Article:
Why Do We Pick on the Defenseless?Editor: I was appalled...


March 02, 1991

Why Do We Pick on the Defenseless?

Editor: I was appalled to read that the Baltimore City administration to save funds would cut to 10 days from 30 days the storage period for an evicted person's personal effects.

I recently heard a homeless woman's testimony of how she was evicted by an unscrupulous landlord who told her she complained too much (the last complaint being when her child was almost hit by a sink that fell off the wall). Obviously she lived in sub-standard housing and did not know her legal rights. She did not have the money at the end of 30 days to reclaim her possessions.

Why do we always pick on the defenseless? The personal effects of evicted tenants sit on the streets for several days where anyone could help themselves and the elements beat down.

Why do we need a third party to come in, pick up these possessions, store them and sell them at the end of 30 days when unclaimed, keeping a part of the sale money? Aren't there enough vacant buildings in the city where these possessions could be stored by the city and under honest city employees, and the cost minimized giving the poor a better chance to reclaim what little they have?

Why do we always pick on these least able to defend themselves instead of trying to help them solve their problems?

`Elizabeth R. Schreiber.


No Suit

Editor: Contrary to recent articles on redistricting in The Sun and Evening Sun, the American Civil Liberties Union has not threatened to file suit over Mayor Kurt Schmoke's redistricting plan. We, like some others, have concerns about whether or not the proposal meets the requirements of the Voting Rights laws. But we have made no decision regarding a lawsuit, and have made no threats about one.

Stuart Comstock-Gay.


The writer is executive director of the ACLU.

No Compromise

Editor: In his recent letter to the editor, Brian Morrison expressed concern that the R&D complex being planned for location on the UMBC campus will result in corporate dollars compromising the academic integrity of the faculty. It is evident that during his employment at UMBC, Morrison learned little about the academic side of this institution and of the motivations and aspirations that drive me and my fellow independent-spirited (sometime rebellious) teacher/researchers.

Yes, many of us do need and strive to obtain the external resources to support our research and creativity. But this is not achieved at the expense of our integrity and independence as scholars. Our quest for funds will certainly not result in ''merger'' of the School of Engineering with Westinghouse nor will my Department of Biological Sciences (UMBC has no botany department) open a flower shop.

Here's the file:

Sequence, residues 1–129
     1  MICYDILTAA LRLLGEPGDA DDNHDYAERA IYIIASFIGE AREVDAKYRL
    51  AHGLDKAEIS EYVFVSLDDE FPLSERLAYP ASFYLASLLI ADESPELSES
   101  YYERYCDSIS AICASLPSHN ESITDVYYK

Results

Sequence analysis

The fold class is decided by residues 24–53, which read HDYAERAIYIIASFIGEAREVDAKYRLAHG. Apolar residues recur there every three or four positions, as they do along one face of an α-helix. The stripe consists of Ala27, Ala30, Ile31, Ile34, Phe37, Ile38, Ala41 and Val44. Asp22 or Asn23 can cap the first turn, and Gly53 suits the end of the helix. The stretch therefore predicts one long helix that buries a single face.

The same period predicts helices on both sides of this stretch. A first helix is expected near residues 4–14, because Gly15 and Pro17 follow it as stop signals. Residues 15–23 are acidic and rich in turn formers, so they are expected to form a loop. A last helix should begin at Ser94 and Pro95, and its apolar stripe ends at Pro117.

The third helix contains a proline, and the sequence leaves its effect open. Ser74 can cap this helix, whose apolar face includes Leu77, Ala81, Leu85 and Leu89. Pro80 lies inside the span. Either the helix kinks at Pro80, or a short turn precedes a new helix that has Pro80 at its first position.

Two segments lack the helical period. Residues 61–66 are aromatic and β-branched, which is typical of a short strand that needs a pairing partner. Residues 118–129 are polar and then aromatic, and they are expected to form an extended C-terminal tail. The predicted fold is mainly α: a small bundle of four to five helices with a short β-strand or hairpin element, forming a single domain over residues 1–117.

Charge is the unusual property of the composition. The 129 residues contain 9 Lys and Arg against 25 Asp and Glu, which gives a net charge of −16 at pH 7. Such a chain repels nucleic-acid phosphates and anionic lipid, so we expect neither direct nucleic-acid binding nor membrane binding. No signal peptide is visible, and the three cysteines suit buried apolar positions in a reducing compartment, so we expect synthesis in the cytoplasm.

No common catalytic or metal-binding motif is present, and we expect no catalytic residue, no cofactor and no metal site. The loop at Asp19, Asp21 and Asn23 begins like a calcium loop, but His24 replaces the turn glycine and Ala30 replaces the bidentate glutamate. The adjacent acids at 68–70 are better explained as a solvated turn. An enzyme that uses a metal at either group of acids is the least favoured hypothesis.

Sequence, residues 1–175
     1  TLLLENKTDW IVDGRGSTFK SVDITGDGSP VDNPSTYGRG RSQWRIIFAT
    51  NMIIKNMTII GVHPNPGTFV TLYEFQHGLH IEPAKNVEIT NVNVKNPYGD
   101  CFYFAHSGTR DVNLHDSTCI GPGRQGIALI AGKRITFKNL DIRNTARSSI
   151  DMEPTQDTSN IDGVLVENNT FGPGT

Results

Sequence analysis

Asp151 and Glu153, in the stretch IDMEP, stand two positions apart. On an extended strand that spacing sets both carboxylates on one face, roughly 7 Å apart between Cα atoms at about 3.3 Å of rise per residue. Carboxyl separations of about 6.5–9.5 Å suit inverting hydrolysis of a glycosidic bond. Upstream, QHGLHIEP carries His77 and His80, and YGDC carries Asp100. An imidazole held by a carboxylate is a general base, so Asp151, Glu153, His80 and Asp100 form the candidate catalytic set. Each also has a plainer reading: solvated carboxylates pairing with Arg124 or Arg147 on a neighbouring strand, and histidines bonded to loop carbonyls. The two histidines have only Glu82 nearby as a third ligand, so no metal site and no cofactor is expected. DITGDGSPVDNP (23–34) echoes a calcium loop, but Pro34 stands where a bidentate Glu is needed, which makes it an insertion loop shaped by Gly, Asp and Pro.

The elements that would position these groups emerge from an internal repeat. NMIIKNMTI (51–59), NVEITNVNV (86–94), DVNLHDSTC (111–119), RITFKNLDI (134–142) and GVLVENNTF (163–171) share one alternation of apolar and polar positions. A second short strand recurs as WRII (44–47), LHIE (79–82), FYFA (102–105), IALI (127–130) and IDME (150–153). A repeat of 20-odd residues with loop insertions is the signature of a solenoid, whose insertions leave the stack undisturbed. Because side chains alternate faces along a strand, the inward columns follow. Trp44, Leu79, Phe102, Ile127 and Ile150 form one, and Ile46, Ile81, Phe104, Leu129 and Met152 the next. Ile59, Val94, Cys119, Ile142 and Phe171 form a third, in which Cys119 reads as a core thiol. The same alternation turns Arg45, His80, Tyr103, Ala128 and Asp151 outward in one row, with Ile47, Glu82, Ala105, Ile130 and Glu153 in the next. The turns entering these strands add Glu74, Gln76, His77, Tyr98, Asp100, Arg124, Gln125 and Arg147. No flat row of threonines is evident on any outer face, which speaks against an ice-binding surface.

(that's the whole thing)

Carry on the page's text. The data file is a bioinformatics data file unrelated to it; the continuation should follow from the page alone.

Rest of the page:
To assure that Morrison's uniformed scenario remains a piece of fiction, UMBC's Faculty Senate and administrators are engaged in developing objective controls and criteria that will assure high standards of academic integrity as an integral part of the linkages being UMBC and its future R&D associates, linkages that we expect to be synergistic. The UMBC faculty will insist that freedom of scholarship and creativity will not be compromised.

If Morrison were truly concerned about the future of higher education at UMBC, he might better put his energy into working to increase funding for this campus (and, for that matter, for the other 10 University of Maryland System campuses), particularly for disciplines such as those in the arts and humanities that are least likely to benefit directly from R&D synergy.

Robert P. Burchard.


Black Marsh

Editor: I am appalled at the plans to ''improve'' Black Marsh Park. At a time when parks are being closed across the state, when the governor and others are discussing raising taxes and when the state can't afford pay raises for state workers, I find it unbelievable that the Department of Natural Resources and the governor want to spend even more money to destroy a pristine nature area.

!Marilyn Liebegott. Baltimore.

Morning's Glory

Editor: In the reprint of Page 536 from H.L. Mencken's, "Thirty-Five Years of Newspaper Work" which appeared in The Sun's Opinion * Commentary page, Mencken wrote of former management's concern with improving the editorial quality of the paper and cited his approval of Paul Patterson's suggestion to remove the Bentztown Bard's "countrified column of Prose and Verse."

Neither Patterson nor Mencken could have envisioned that after the passage of more than 60 years, someone would remember the masthead opening sentence which introduced Folger McKinsey's Bentztown Bard column. It read as follows:

"It was only a glad 'Good Morning' as he walked along his way, but it turned to morning glory throughout the livelong day."

They were and still are words to live by.

Milton Albert.


Best Teachers

Editor: In a recent Sun editorial entitled ''Hypocrisy in Suburbia'', the school boards of Montgomery County and Howard County were challenged ''to turn to an obvious area for savings: the payroll.''

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